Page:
Table of Contents Author Guidelines Submit a Manuscript
International Journal of Optics
Volume 2012 (2012), Article ID 803797, 6 pages
http://dx.doi.org/10.1155/2012/803797
Research Article

Synthesis, Growth, and Electrical Transport Properties of Pure and -Doped Triglycine Sulphate Crystal

Department of Physics, Bangladesh University of Engineering and Technology, Dhaka 1000, Bangladesh

Received 31 October 2011; Revised 4 January 2012; Accepted 5 January 2012

Academic Editor: Dragomir Neshev

Copyright © 2012 Farhana Khanum and Jiban Podder. This is an open access article distributed under the Creative Commons Attribution License, which permits unrestricted use, distribution, and reproduction in any medium, provided the original work is properly cited.

Abstract

Pure triglycine sulphate (TGS) and LiSO4-doped TGS crystals were grown from aqueous solution by natural evaporation method. The grown crystals were characterized by UV-vis spectroscopy, electrical conductivity () measurement, dielectric studies, microhardness, and thermogravimetry/differential thermal analysis. Pure TGS and LiSO4-doped TGS crystals were found highly transparent and full faced. The direct current conductivity is found to increase with temperature as well as dopant concentrations. Curie temperature remains the same for pure and doped crystals, but dielectric constant and dielectric loss increase with dopant concentration. The Vicker’s microhardness of the LiSO4-doped TGS crystals along (001) face is found higher than that of pure TGS crystals. Etching studies illustrate the quality of the doped crystal. The experimental results evidence the suitability of the grown crystal for optoelectronic applications.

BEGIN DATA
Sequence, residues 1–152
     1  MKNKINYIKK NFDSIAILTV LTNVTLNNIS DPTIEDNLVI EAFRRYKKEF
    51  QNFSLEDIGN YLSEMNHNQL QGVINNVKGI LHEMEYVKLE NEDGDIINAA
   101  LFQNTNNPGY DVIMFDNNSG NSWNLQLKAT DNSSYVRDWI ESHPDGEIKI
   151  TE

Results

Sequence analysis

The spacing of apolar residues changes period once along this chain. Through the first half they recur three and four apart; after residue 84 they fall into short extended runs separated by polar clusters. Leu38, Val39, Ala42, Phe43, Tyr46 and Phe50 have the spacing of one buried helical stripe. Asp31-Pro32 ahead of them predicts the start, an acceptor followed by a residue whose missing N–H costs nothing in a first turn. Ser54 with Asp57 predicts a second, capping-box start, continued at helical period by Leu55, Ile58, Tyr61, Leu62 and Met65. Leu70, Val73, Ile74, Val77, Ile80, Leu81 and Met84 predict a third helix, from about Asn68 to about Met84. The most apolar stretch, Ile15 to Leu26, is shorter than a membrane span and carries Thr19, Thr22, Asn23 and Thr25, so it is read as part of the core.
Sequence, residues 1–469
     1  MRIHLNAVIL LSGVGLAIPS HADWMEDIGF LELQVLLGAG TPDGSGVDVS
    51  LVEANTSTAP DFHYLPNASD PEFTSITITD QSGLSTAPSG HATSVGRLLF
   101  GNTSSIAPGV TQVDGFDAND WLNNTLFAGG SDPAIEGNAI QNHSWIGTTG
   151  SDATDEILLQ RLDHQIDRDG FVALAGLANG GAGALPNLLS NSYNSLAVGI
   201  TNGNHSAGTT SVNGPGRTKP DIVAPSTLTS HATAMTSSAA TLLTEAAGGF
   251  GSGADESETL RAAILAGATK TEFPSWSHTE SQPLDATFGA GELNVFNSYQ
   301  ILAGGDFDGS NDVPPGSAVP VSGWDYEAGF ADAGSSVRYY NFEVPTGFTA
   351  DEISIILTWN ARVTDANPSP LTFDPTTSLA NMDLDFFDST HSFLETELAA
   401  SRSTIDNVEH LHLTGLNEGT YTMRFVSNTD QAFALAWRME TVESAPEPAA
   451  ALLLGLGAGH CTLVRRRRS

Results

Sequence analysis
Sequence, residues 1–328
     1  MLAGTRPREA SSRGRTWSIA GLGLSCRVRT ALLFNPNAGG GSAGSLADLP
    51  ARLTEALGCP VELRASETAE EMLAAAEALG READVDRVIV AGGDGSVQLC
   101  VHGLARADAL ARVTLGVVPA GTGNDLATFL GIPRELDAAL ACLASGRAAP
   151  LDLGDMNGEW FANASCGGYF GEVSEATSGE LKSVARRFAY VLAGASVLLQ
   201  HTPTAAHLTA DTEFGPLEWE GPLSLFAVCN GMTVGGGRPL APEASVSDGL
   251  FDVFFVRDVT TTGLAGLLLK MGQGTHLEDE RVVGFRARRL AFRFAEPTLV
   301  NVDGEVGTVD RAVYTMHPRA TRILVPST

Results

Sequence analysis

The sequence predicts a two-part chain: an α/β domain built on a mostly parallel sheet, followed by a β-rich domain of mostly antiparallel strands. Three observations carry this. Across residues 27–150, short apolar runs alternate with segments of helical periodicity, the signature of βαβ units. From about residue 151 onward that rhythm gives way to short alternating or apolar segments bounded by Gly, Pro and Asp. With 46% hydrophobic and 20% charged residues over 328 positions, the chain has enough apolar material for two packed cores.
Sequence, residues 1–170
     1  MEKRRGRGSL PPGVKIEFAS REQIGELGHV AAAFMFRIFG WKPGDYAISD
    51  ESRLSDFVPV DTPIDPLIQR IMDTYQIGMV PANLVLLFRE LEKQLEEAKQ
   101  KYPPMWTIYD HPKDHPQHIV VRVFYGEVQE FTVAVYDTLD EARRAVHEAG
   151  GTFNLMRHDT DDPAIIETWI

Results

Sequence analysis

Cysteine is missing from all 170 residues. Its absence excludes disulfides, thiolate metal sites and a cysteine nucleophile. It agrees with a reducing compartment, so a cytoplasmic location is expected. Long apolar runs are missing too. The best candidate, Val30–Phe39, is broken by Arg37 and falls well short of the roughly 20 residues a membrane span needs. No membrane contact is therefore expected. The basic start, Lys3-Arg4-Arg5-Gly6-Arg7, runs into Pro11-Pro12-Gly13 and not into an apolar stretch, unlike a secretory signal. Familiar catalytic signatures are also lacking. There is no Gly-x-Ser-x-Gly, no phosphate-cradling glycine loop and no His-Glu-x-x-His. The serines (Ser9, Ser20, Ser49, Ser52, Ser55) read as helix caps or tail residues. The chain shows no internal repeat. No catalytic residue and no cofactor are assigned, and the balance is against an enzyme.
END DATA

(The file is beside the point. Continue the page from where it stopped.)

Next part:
1. Introduction

Triglycine sulphate, (NH2CH2COOH)3 H2SO4, crystal is considered as one of the potential materials for its wide range of applications, namely, UV tunable laser, second harmonic generation, and pyroelectric infrared sensors due to its high pyroelectric coefficient, optical transmission, and reasonably low dielectric constant [14]. It is a hydrogen-bonded ferroelectric crystal having a typical second-order phase transition at Curie temperature of 49°C [57]. TGS has a major disadvantage that it depolarized by thermal, mechanical, and electrical means. In order to overcome this difficulty, several studies have been attempted with different organic and inorganic dopants to achieve effective internal bias to stabilize the domains and desired pyroelectric and ferroelectric properties of TGS crystals [813]. Alkali halides such as NaBr and KBr-doped TGS crystals were grown, and the effects of the dopant have been investigated [14, 15]. Metal ion dopants have been added to modify the properties of TGS crystal [16, 17]. In the literature, only limited information is available about the behavior of TGS doped with Lithium [18]. Lithium reacts with water easily and noticeably with less energy than other alkali metals. Li+1 ion has 90 pm ionic radius, so it can easily reside into the lattice site of the TGS crystal and it can modify the electrical, mechanical, thermal, and surface morphology of TGS crystals. In the present work, LiSO4 is used as a dopant to see its effect on the property of TGS crystal.